B. Screening Pursuant to 28 U.S.C. § 1915

The petition has been filed pursuant to 28 U.S.C. § 1915, which permits an indigent litigant to commence an action in federal court without prepaying the administrative costs of proceeding with the lawsuit. Petitioner is proceeding in forma pauperis, and thus, his petition is subject to screening under 28 U.S.C.A. § 1915(e)(2), which provides:

Notwithstanding any filing fee, or any portion thereof, that may have been paid, the court shall dismiss the case at any time if the court determines that--

(A) the allegation of poverty is untrue; or

(B) the action or appeal (i) is frivolous or malicious; (ii) fails to state a claim on which relief may be granted; or (iii) seeks monetary relief against a defendant who is immune from such relief.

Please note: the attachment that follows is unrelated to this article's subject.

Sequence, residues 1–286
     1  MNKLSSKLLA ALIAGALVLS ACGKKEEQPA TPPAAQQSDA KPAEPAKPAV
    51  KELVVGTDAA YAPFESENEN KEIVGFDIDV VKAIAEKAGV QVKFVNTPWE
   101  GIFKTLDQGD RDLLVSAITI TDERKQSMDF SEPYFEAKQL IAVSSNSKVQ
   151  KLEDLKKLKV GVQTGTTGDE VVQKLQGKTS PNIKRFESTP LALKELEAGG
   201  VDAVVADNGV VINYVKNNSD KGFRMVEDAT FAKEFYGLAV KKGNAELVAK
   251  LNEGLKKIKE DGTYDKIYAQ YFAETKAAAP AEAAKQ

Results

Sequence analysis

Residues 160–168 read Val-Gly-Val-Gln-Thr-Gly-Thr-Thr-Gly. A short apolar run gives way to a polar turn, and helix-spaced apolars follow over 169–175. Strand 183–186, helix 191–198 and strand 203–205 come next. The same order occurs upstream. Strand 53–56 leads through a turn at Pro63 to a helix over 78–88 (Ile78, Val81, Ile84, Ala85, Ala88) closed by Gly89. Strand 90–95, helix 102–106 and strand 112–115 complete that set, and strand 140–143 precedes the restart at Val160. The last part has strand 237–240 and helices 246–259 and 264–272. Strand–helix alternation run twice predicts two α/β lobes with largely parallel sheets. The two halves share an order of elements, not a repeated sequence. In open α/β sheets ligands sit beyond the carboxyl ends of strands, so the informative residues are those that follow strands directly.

Under this statute, a petition based on a meritless legal theory may be dismissed sua sponte. Neitzke v. Williams, 490 U.S. 319 (1989).

II. Factual Allegations

Petitioner indicates he is a detainee at the Charleston County Detention Center. (DE# 1, ¶¶ 1-2). He indicates he is awaiting trial on state criminal charges, specifically, four counts of entering a financial institution with intent to steal and one count of possession of heroin. See Court of General Sessions for Charleston County, Case Nos. 15-02235, 15-04539, 15-05624, and 15-05829. He states that he is represented by legal counsel (Public Defender Jason King) in the state case.